Wed | Feb 1, 2023

Amnesty Int’l issues travel advisory to the US in light of mass shootings

Published:Thursday | May 26, 2022 | 12:12 AMLester Hinds/Gleaner Writer
People walk with flowers to honour the victims in Tuesday’s shooting at Robb Elementary School in Uvalde, Texas, on Wednesday. Desperation turned to heart-wrenching sorrow for families of grade schoolers killed after an 18-year-old gunman barricaded hims
People walk with flowers to honour the victims in Tuesday’s shooting at Robb Elementary School in Uvalde, Texas, on Wednesday. Desperation turned to heart-wrenching sorrow for families of grade schoolers killed after an 18-year-old gunman barricaded himself in their Texas classroom and began shooting, killing at least 19 fourth-graders and their two teachers.

Amnesty International has issued a travel advisory for the United States urging travellers to the United States to exercise caution and to have an emergency contingency plan when travelling to the United States because of the spate of mass shootings.

“This travel advisory is being issued in light of the high levels of gun violence in the country,” said Amnesty International.

It further stated that travellers should be extra vigilant at all times; to avoid places where large numbers of people gather, especially cultural events, places of worship, schools, shopping malls and further to exercise increase caution when visiting local bars, nightclubs and casinos.

It further stated that, depending on the traveller’s gender, identity, race, country of origin, ethnic background or sexual orientation, they may be at a higher risk of being targeted with gun violence and should plan accordingly.

The United States has seen a number of mass shootings recently, with the latest being an attack on black customers at a Buffalo supermarket by a white 18-year old in which 10 people were shot and killed. This was followed days later by an attack on a church in California whose worshippers are mainly Koreans. One person was killed and several others wounded in this attack.

In its statement, Amnesty International said that gun violence can lead to a violation of the most fundamental human right – the right to life. States have an obligation to fight actual or foreseeable threats to life and should therefore take measures to protect people from gun violence.

“If a state does not adequately control how private individuals own and use firearms, this could amount to a breach of their obligations under international human rights law to protect the rights to life and security of person,” the statement said.

It further noted that firearm violence by private actors has a strong socio-economic dimension. It is typically concentrated in low-income urban neighbourhoods with high levels of crime. This often includes trafficking in illicit drugs, inadequate policing or policing which does not comply with international standards on human rights and law enforcement, and lack of access to public services.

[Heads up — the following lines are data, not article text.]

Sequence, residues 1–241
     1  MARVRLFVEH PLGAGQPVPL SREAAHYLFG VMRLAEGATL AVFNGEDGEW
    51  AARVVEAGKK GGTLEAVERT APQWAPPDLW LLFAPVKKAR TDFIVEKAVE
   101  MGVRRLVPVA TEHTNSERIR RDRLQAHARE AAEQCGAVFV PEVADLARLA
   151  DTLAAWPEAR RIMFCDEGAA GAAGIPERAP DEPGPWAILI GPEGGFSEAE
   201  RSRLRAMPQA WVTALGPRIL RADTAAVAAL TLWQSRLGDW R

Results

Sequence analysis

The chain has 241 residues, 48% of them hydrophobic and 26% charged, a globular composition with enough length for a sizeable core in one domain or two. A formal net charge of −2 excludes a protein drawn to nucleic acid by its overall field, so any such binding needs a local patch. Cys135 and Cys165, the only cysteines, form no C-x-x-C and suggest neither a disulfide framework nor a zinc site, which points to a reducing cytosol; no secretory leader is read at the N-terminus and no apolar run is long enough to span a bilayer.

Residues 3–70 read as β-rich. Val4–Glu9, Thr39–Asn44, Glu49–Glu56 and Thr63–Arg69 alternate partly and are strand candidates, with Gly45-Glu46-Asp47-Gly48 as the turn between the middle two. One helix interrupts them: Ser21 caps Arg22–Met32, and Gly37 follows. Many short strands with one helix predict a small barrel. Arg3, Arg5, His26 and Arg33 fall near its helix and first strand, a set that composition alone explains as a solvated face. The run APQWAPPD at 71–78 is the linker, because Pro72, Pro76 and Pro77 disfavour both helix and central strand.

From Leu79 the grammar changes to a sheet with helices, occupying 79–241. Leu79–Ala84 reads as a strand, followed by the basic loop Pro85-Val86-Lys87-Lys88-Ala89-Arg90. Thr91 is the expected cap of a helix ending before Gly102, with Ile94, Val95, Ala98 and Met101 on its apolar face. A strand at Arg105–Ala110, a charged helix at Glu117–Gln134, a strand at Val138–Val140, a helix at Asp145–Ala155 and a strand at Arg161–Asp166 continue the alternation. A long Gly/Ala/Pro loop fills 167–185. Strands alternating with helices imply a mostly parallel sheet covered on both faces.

Reacting to the Amnesty International statement, Dr Basil Wilson, a former professor at John Jay College of Criminal Justice in Manhattan, said that while such travel advisories are not much heeded, it is interesting that the United States find itself in this position.

Wilson, who is Jamaican, said that if taken seriously by the US government, the statement could benefit the American people.

“The social fabric of the society has been damaged by the COVID pandemic and the preponderance of guns in the society just add to the problem,” he said.


Wilson noted that there is currently a case before the Supreme Court that should the court rule against New York it would let loose even more guns in the society.

“Amnesty International statement is not far-fetched and I would love to know what will be the (US) government’s response,” he said.

Noting that mass killings in the US is higher than in most Third World countries, Wilson said that the country has lost its will to deal with the issue of gun violence. Recalling the 1994 ban on assault weapons which was allowed to expire some years ago, the John Jay former professor said that it is doubtful in the present climate that the government could enact such a ban again.

He further noted the rise in racial-bias violence and said that this was affecting the fabric of the country.

Wilson called for a rethinking of the country’s safety net to benefit people who are feeling left out and giving rise to gun violence.

Former Jamaican Ambassador to the United Nations, Curtis Ward, said that the big problem is that the country seems unable to control the types of weapons used in mass killings.

He, too, did not think that the travel advisory by Amnesty International will slow people’s visit to the United States, but said that it is interesting that such an advisory has been issued against a country like the USA.

“More and more people are concerned by these mass killings and enough is not being done to curb this violence,” said Ward.

Noting that Amnesty International is on to something, Ward said the US has a serious problem and does not seem to have the political will to tackle the problem.

According to him, any time Amnesty International puts out a travel advisory against any country it is newsworthy.

“This advisory may help to keep the narrative going in the country to find ways to curb these mass killings,” he said.

However, he noted that the advisory could be dismissed by the United States as bias against the country.

Community activist and head of Caribbean Immigrant Services, Irwine Clare, said that unlike when the USA issue a travel advisory against a country, the advisory by Amnesty has no muscle behind it and would not deter anyone from visiting the United States.

He said that it would stand to reason that anyone visiting the United States would exercise caution because of the increase in mass killings.